Saves The Day have been making infectious pop-rock for the last seven years, and have won themselves a huge fanbase with their familiar light-hearted and impossibly catchy vibe. ‘Daybreak’ is the band’s seventh studio album, and is a mix of sickly sweet vocals, courtesy of the only permanent fixture of the band’s original line-up vocalist Chris Conley, and pounding rock riffs, making for a truly addictive listen.
‘Daybreak’ is also a part of what Conley describes as a three part concept album, with earlier releases ‘Sound The Alarm’ and ‘Under The Boards’ making up the first two parts. Conley used the releases as what he calls a “therapeutic experiment” with the first of the three records, representing discontent and anger, and the second reflection and remorse, with ‘Daybreak’ acting as the acceptance album.
You certainly get a happier atmosphere from listening to this record. It opens with the massive ten minute track of the same name, although the first few lyrics would make you think otherwise considering they consist of losing your heart and the world being a better place without you. However, thirty seconds in and all of this is blown away by the powerful guitar work of Arun Bali, changing it from a bit of a whine-fest into a powerful rock song.
Carrying on with the love theme ‘1984’ is a rock ballad about losing your mind over the person you’re in love with. Without sounding too cliché, Saves The Day are perfect if you want to re-live your emo days of the early 00s, when you used to sit in your room getting all worked up about the girl/boy from school who doesn’t pay attention to you even though you made a massive effort with your new peroxide fringe. Oh, just me then? Right, moving on.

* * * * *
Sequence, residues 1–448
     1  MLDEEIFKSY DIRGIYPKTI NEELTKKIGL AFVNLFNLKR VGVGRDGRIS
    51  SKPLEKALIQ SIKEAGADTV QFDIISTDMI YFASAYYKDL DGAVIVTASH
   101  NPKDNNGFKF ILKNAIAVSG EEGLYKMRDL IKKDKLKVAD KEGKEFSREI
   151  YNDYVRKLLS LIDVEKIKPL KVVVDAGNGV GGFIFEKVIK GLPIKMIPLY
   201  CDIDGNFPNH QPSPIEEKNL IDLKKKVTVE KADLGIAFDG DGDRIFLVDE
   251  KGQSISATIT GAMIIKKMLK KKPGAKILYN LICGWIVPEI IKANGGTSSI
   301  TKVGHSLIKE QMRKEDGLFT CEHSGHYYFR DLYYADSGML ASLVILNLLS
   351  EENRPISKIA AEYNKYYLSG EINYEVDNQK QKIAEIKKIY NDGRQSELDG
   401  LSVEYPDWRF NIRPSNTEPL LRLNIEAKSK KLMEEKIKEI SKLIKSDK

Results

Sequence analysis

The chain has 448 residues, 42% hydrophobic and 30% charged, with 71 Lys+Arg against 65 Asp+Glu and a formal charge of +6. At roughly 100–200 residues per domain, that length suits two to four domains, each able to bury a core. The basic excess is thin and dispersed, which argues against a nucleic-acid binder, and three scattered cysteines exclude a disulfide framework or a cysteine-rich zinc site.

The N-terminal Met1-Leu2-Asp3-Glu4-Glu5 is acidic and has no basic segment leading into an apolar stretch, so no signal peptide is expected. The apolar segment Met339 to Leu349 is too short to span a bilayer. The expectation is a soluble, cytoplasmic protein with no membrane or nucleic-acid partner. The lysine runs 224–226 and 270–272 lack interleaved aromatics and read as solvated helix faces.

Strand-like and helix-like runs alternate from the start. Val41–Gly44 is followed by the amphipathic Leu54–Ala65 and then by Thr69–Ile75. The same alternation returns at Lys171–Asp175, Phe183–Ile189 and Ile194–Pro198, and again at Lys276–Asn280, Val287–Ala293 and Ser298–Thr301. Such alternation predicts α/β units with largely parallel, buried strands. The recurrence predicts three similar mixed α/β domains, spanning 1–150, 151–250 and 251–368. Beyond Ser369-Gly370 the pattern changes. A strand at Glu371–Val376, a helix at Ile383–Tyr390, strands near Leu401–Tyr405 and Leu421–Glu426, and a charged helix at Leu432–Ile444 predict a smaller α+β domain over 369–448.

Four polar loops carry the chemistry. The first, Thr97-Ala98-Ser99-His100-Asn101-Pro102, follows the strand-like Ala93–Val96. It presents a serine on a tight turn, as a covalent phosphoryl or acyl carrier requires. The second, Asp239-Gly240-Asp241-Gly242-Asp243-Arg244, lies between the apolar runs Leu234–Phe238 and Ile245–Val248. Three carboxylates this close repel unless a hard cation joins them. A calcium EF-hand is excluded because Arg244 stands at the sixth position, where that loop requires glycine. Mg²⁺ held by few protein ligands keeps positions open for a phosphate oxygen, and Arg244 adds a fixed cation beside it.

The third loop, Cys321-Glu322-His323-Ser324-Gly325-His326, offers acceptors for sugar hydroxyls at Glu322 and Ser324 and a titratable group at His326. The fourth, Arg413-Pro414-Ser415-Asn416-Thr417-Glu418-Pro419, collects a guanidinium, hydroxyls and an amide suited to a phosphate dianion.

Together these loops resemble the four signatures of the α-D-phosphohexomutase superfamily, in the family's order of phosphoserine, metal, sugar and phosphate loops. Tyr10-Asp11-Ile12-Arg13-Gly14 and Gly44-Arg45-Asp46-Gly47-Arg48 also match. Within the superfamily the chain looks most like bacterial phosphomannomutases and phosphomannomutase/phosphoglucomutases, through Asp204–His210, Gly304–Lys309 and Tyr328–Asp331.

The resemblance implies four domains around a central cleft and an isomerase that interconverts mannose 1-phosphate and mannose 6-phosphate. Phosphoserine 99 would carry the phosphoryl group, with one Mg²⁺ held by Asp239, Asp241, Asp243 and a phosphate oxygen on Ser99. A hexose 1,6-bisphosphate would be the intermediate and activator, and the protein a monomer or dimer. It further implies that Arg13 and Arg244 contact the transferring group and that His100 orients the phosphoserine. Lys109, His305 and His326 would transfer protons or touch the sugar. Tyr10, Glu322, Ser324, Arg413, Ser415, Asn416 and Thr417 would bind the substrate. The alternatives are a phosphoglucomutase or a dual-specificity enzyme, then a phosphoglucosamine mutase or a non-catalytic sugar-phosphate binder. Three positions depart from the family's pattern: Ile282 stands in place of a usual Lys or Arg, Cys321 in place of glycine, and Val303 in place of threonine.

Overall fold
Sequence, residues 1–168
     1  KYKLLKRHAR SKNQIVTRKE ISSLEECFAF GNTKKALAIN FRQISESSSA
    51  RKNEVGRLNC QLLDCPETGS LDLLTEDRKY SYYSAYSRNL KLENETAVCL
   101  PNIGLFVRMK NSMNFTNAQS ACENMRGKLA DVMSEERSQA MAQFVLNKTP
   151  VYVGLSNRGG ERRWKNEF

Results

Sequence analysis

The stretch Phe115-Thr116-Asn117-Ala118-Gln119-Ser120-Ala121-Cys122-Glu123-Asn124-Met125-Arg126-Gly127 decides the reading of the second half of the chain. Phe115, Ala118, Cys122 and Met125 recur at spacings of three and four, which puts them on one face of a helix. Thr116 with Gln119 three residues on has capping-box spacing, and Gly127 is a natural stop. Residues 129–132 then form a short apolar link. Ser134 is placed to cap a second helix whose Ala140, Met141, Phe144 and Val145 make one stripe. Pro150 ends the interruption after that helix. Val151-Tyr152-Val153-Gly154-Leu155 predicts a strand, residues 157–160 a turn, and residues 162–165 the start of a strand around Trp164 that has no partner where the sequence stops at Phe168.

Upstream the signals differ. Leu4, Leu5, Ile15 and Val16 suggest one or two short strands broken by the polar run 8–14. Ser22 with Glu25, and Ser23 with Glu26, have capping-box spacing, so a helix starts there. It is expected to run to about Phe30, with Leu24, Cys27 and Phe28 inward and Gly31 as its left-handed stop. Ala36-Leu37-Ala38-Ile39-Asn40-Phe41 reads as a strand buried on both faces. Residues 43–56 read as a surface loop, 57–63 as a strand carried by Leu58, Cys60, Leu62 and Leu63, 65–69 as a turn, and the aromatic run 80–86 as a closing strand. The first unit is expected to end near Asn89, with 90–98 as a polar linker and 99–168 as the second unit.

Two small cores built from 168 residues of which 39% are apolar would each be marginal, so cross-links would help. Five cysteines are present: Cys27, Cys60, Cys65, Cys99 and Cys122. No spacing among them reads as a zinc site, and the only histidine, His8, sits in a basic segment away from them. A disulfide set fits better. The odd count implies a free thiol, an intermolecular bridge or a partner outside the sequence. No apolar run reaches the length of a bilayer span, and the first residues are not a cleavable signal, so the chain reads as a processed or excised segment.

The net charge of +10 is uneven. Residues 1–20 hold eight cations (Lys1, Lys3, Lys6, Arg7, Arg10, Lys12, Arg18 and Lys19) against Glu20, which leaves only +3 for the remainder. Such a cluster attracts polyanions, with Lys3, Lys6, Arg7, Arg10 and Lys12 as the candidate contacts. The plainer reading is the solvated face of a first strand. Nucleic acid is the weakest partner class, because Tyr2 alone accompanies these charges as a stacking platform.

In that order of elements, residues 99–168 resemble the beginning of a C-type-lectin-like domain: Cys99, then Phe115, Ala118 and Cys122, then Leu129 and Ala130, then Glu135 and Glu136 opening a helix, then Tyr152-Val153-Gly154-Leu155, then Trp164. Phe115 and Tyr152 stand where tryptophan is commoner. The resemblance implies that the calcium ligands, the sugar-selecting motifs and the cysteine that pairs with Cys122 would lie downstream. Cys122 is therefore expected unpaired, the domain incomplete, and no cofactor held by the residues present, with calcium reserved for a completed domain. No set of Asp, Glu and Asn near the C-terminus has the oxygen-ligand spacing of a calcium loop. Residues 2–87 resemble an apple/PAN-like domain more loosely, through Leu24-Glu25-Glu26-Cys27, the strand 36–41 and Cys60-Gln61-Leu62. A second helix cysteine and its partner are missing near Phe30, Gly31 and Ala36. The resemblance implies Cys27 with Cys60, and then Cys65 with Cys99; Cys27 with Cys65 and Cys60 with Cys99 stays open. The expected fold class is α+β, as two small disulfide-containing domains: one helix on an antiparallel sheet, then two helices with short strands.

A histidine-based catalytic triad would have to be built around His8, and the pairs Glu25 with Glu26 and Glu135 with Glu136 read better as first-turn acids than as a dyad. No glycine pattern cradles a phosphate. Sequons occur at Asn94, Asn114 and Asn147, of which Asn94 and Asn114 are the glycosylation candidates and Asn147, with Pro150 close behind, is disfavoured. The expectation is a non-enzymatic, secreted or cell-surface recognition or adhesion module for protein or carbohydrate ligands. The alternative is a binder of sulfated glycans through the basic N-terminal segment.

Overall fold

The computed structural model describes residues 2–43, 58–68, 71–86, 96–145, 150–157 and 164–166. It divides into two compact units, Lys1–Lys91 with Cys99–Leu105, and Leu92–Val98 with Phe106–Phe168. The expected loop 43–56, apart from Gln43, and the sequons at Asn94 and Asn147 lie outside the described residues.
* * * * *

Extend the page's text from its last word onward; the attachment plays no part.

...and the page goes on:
Songs ‘E’ and ‘Z’ also hold references to love, which at this point is testing patience and is becoming a little bit of a tedious topic. Luckily, the latter makes use of a pretty chunky guitar riff throughout, so it’s not a totally wimpish ordeal. The hefty guitar work features particularly well on the slightly darker ‘Deranged And Desperate’, but, then again, there are some slower songs demonstrating Saves The Day‘s ability to manipulate your emotions perfectly.
Tracks like ‘U’ and ‘O’ serenade you softly rather than crash around your ears. ‘O’ is the obligatory “I’m sorry” song, perfect for after a break-up if you fancy doing a bit of crying. No? Wait, just me again? Fuck. In all fairness, ‘Daybreak’ is an infectious rock album that’s full to the brim with heartfelt lyrics, atmospheric riffs and powerful vocals making for one rollercoaster of a record.
It may be a little too whiny and emo for some people’s taste, but if you pine for a record to take you back to the time of bad fringes and not knowing who was male or female then be sure to take the time and hit this band up.
Written by Steven Potter